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Sidewalk art pressure washed away after being deemed graffiti by the City

Drawing the line between artistic expression and graffiti.

More than a year ago, Madison Moser began painting outside on the steps leading to her family home in southeast Calgary, eventually pouring out onto the sidewalk for more space. Last week, her art was washed away by the City of Calgary following a complaint.

The 18-year-old accidental street artist was admittedly unaware the paint would stay in-tact for such a long period of time.

One of Moser’s favourite pieces was washed away after being considered graffiti. CONTRIBUTED

“It just kind of became my daily meditation, to just go outside and paint. It really was not meant to be purposeful, it wasn’t some sort of protest or trying to be controversial,” Moser said.

Although she never signed any of her artwork, neighbours would frequently knock on the door to thank her.

She became motivated by the sheer amount of compliments and conversations her paintings created, ultimately changing the purpose over time.

“This was for me, but if somebody else when they’re walking by can grab something from it, that’s even better,” Moser said.

The family has lived in the same neighbourhood for majority of Moser’s life, but she had never spoken to any of her neighbours before she put paint on the sidewalk.

Zaiba Karim and her 11-year-old son were so inspired by Moser’s art that they did the same, and received the same kind of positive response from the community.

“We had a lot of kids that came by taking pictures with that and commenting,” Karim said.

Zaiba Karim and her son painted the steps leading to their front door after seeing Moser’s artwork. KIRSTEN PHILLIPS / FOR LIVEWIRE CALGARY

Removing the paint

The City crew knocked on Moser’s door last Wednesday, after already starting to wash away the paint on the sidewalk, informing Moser’s father that a complaint was received and it is now considered graffiti.

“This isn’t some sort of controversial message that doesn’t need to be here. It’s not offensive in any sense of the word, so I don’t agree with the classification of graffiti,” Moser said.

“I know graffiti … that was not my intention, I wish it was, but it wasn’t.”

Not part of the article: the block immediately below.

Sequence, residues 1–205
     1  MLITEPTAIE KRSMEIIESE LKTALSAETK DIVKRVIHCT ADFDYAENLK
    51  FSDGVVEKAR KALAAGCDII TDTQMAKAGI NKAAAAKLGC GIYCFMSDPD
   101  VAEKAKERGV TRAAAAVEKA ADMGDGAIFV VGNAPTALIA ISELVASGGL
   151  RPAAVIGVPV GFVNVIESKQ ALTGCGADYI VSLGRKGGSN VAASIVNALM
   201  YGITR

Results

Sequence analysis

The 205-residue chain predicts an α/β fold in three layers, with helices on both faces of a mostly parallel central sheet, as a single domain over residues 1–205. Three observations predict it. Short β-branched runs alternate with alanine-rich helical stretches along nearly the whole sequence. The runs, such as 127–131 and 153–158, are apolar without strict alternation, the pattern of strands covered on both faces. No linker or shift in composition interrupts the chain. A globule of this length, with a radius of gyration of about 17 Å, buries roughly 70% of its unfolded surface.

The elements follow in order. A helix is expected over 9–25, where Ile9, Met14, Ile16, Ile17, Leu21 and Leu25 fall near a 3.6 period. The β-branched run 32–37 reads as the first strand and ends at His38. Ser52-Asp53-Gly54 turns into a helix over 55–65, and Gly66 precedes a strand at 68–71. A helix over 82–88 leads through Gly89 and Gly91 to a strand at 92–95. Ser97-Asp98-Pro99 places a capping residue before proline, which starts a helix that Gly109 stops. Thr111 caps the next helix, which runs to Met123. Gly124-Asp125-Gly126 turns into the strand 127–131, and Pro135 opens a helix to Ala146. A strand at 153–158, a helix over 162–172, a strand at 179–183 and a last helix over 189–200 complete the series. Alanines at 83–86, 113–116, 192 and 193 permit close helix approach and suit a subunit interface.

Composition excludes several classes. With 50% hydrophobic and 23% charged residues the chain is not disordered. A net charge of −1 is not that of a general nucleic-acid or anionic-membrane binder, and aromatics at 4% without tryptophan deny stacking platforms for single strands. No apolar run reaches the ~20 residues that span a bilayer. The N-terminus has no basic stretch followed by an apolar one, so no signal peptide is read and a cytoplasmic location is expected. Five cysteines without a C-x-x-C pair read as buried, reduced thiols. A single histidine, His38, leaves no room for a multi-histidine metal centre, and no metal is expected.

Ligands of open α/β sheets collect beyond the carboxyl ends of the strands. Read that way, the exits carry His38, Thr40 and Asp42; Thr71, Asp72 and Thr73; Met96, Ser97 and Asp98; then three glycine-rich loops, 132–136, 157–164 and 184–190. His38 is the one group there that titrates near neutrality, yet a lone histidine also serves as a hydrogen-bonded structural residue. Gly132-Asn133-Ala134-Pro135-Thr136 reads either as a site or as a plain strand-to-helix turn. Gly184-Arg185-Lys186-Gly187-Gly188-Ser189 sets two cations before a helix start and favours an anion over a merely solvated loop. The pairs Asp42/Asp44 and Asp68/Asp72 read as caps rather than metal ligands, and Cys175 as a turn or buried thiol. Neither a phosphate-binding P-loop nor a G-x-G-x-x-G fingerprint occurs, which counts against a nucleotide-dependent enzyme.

Although the crew was “empathetic”, both Moser and her father, Jonathan, feel the City should have communicated to them first before sending people to remove it.

“There’s all this debate in the City of Calgary around public art. Well, here’s an opportunity for us to take what’s otherwise, drab, grey concrete and turn it into a work of art,” Moser’s father said.

“There’s some delicious irony with the city because they’re out there painting our boxes by traffic lights … I mean, some of it is commission but why limit yourself? I think that’s a missing opportunity, why not allow colours and images, positive images.”

Although the art was deemed to be graffiti, there have been some differing opinions

Moser’s paintings were made to reflect what she was feeling during COVID-19, which she considered time capsules of a time she hopes we never return to. CONTRIBUTED

“I don’t think it’s graffiti. It was a message,” Karim said.

“But that’s why we kind of kept [our paintings] on our property. So then we wouldn’t get in trouble for anything if it was on the sidewalk.”

Right decision, says Councillor

Ward 12 Coun. Shane Keating responded on the tweet about the issue, thinking it was made with chalk, calling it “a total shame” and said he would raise the issue at City Council. 

However, after finding out that it was acrylic paint instead of chalk, he agrees that the city made the right decision.

“If they [were] going to actually paint on a city sidewalk or city property, then I totally understand that was being removed as graffiti, no matter who put it on there,” Keating said.

“The difference between graffiti and and art isn’t so much what they look like. It’s where it’s put and how it works and what permissions you have for it.”

Keating plans to still bring the issue up at council, just with the focus being changed to ways the City can accommodate the need for public art and self expression without long-lasting mediums being used on public property.

“[This] has lent the opportunity to have discussions around what should we be doing for people to express their artwork in a public place without getting into trouble,” he said. 

“So I’ll address it from that point of view.”

The City of Calgary has acknowledged our request for a comment on the situation and we have been in contact for the past five days, however, they have not responded.

In question period at Monday’s strategic meeting of council, Community Services GM Katie Black acknowledged Keating’s request.

“We will be very pleased to investigate what open space programming could look like in Calgary, where space could be workable so that it’s longer-lasting and potentially managed by community groups or community associations who have the capacity and resources to manage such a program,” she said.